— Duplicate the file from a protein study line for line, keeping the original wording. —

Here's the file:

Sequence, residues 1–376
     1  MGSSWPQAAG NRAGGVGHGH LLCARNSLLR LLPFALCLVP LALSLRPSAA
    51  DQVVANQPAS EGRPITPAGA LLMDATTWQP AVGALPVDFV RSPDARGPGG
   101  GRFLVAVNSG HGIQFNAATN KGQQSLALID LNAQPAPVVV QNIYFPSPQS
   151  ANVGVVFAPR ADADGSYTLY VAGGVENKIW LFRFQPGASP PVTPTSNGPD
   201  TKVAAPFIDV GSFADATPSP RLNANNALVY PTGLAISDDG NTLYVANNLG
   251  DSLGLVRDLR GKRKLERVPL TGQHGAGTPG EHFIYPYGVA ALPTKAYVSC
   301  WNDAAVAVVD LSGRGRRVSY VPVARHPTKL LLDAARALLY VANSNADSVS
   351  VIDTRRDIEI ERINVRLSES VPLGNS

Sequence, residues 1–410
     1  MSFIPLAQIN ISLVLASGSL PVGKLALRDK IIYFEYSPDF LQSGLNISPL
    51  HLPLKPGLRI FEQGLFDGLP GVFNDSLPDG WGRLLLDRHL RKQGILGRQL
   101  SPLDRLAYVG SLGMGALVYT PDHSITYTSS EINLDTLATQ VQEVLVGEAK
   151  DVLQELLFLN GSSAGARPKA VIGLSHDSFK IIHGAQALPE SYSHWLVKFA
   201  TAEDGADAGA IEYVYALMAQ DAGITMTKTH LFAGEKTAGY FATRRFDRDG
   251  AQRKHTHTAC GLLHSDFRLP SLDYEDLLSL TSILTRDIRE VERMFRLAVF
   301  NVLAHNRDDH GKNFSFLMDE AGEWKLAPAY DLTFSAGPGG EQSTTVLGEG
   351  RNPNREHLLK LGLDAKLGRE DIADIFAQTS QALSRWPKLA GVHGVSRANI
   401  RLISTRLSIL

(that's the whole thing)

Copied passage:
Sequence, residues 1–376
     1  MGSSWPQAAG NRAGGVGHGH LLCARNSLLR LLPFALCLVP LALSLRPSAA
    51  DQVVANQPAS EGRPITPAGA LLMDATTWQP AVGALPVDFV RSPDARGPGG
   101  GRFLVAVNSG HGIQFNAATN KGQQSLALID LNAQPAPVVV QNIYFPSPQS
   151  ANVGVVFAPR ADADGSYTLY VAGGVENKIW LFRFQPGASP PVTPTSNGPD
   201  TKVAAPFIDV GSFADATPSP RLNANNALVY PTGLAISDDG NTLYVANNLG
   251  DSLGLVRDLR GKRKLERVPL TGQHGAGTPG EHFIYPYGVA ALPTKAYVSC
   301  WNDAAVAVVD LSGRGRRVSY VPVARHPTKL LLDAARALLY VANSNADSVS
   351  VIDTRRDIEI ERINVRLSES VPLGNS

Sequence, residues 1–410
     1  MSFIPLAQIN ISLVLASGSL PVGKLALRDK IIYFEYSPDF LQSGLNISPL
    51  HLPLKPGLRI FEQGLFDGLP GVFNDSLPDG WGRLLLDRHL RKQGILGRQL
   101  SPLDRLAYVG SLGMGALVYT PDHSITYTSS EINLDTLATQ VQEVLVGEAK
   151  DVLQELLFLN GSSAGARPKA VIGLSHDSFK IIHGAQALPE SYSHWLVKFA
   201  TAEDGADAGA IEYVYALMAQ DAGITMTKTH LFAGEKTAGY FATRRFDRDG
   251  AQRKHTHTAC GLLHSDFRLP SLDYEDLLSL TSILTRDIRE VERMFRLAVF
   301  NVLAHNRDDH GKNFSFLMDE AGEWKLAPAY DLTFSAGPGG EQSTTVLGEG
   351  RNPNREHLLK LGLDAKLGRE DIADIFAQTS QALSRWPKLA GVHGVSRANI
   401  RLISTRLSIL